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Misinformation does not just lead the media to make embarrassing mistakes, but it also affects the decisions made by organisers. On September 28, the Hong Kong Federation of Students (HKFS) was distressed to receive news that two students were injured by rubber bullets. Therefore, they called on all students to disperse and many students followed their instructions. It later turned out the information had been  wrong. No rubber bullets had been fired.

Yvonne Leung Lai-kwok, an HKFS spokesperson, says the episode was a lesson in learning to better verify information with more diverse sources. They now send students to different occupied districts to get more authentic information.

Leung says although rumours can keep the protestors alert, she does not support the spread of rumours because a lot of time is consumed by discussing, checking and acting on unverified information. It distracts them from their original plans.

“It may not be a good thing. Eventually, it will be ‘cry wolf’. [Eventually] the number of people who come out because of the dangerous situations will decrease,” she says.


Although it may seem as if there have never been so many rumours flying around in Hong Kong as there have been during the Umbrella Movement, rumours are actually very common in social movements. Chen Yun-chung, associate professor of Cultural Studies at Lingnan University, who participated in the campaign to save Queen’s Pier and against the demolition of Choi Yuen Village, says political entities such as the government often use rumours to suppress social movements.

As an active supporter of the Occupy Movement, Chen has been attacked by political opponents through defamatory rumours. On September 5, a Facebook page called Brother Democracy published the fake minutes of a discussion in which Chen was supposed to have said the Occupy Central movement needed to shed blood and create another June Fourth crackdown in order to force the central government to make concessions on political reform.

What Chen had really discussed was his thoughts about Hong Kong’s constitutional arrangements after Occupy Central. According to the fake minutes, Yvonne Leung Lai-kwok from HKFS, who also attended the meeting, said the federation would encourage foreign exchange students to join Occupy Central and that media tycoon Jimmy Lai Chee-ying had bankrolled the class boycott. An American PhD student at City University was portrayed as a spy from the US Consulate General who said the consulate would help student leaders to study overseas after Occupy Central.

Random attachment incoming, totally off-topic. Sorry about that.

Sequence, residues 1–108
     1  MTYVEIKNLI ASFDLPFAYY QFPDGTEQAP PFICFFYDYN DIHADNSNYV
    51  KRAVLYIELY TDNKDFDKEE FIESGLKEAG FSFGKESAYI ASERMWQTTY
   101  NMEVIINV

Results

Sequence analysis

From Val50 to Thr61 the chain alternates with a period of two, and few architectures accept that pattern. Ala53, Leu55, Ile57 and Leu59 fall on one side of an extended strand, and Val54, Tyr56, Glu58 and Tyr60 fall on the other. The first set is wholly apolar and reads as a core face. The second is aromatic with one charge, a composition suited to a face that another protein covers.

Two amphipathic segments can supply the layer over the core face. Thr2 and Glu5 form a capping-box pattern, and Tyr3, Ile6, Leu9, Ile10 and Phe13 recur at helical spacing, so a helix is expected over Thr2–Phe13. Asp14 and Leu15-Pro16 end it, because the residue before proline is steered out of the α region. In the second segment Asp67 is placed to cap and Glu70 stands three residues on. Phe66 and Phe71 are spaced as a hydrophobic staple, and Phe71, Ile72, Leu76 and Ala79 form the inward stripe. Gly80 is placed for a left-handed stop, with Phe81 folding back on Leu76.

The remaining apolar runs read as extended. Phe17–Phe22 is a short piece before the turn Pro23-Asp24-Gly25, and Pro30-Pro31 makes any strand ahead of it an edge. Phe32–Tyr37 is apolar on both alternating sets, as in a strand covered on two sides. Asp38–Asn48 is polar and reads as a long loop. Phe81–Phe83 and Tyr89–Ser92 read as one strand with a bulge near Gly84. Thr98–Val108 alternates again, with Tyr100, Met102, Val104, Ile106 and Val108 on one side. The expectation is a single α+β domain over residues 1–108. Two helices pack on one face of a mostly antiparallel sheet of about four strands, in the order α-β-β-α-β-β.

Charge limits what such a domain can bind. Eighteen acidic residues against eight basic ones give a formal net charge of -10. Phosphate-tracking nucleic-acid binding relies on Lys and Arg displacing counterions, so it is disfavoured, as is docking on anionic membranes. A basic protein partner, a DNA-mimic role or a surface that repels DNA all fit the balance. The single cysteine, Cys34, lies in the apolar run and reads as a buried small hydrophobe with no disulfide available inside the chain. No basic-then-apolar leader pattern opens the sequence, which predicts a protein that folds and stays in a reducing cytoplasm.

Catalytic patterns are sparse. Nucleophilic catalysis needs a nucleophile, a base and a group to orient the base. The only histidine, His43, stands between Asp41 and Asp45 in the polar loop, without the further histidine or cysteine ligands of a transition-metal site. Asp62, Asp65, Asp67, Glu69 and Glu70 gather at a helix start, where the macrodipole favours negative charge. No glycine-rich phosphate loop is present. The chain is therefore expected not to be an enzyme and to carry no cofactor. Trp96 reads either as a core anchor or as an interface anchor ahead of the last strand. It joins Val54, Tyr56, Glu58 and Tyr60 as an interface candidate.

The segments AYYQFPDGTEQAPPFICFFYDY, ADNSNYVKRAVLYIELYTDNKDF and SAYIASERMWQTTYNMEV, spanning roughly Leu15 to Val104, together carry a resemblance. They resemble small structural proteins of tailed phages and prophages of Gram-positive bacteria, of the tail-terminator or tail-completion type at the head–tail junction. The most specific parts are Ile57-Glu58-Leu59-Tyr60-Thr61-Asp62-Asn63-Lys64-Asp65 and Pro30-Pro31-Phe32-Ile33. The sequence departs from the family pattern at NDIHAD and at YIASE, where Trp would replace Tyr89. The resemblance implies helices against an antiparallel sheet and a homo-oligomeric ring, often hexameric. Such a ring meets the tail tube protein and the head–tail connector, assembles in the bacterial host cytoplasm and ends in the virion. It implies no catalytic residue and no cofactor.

All of these statements have been denied by people who attended the meeting. And the US Consulate has called those parts that relate to the consulate fabrications.  Chen Yun-chung says the rumours have the effect of dividing members of the pro-democratic camp, making them feel exhausted and battering their confidence and credibility. He thinks organisers of the Occupy Movement are unable to focus solely on their work as they have to deal with the risks coming from rumours. “HKFS holds meetings every day, and people blame them for not talking to the citizens. They don’t have time because risk management has already exhausted them a lot,” Chen says.

With many years of experience in social movements under his belt, Chen has learnt to use “triangulation” as a way to judge whether a rumour is true or not. He only believes in information that comes from more than three credible sources. This idea of triangulation is also adopted by journalists and mainstream media, although in a more rigorous and sceptical way.

Veteran journalist Allan Au Ka-lun says the proper way to deal with rumours is to first investigate their source. Whether the source has a vested interest is the major concern. After that, Au will proceed to fact-check with other sources by triangulation. He points to the case of a woman who complained on a phone-in radio programme that the traffic jam in the Cross-Harbour Tunnel caused by the Occupy Movement prevented her from bidding farewell to her dying daughter-in-law. Au says this well-constructed misinformation was disseminated to the public quickly through WhatsApp right after the programme.

Au says the host could have asked more questions and checked whether there was an official record of a traffic jam at the time. It would be easy to find out whether there was a problem with the Cross-Harbour Tunnel that day. Au says the caller was suspicious and questions whether there was a hidden political agenda behind the rumour aimed at discrediting the social movement.

“But many mainstream media published the information without checking it, That’s why we need to fact-check. You need to ask different sources and see whether they all point to the same thing,” Au says.

Having worked in the media for more than 20 years, Au generally holds a negative view about rumours. “Journalists ask for the truth and the information people obtain should be true. If it’s a rumour, no matter what it is, where it is set, it is negative,” he says.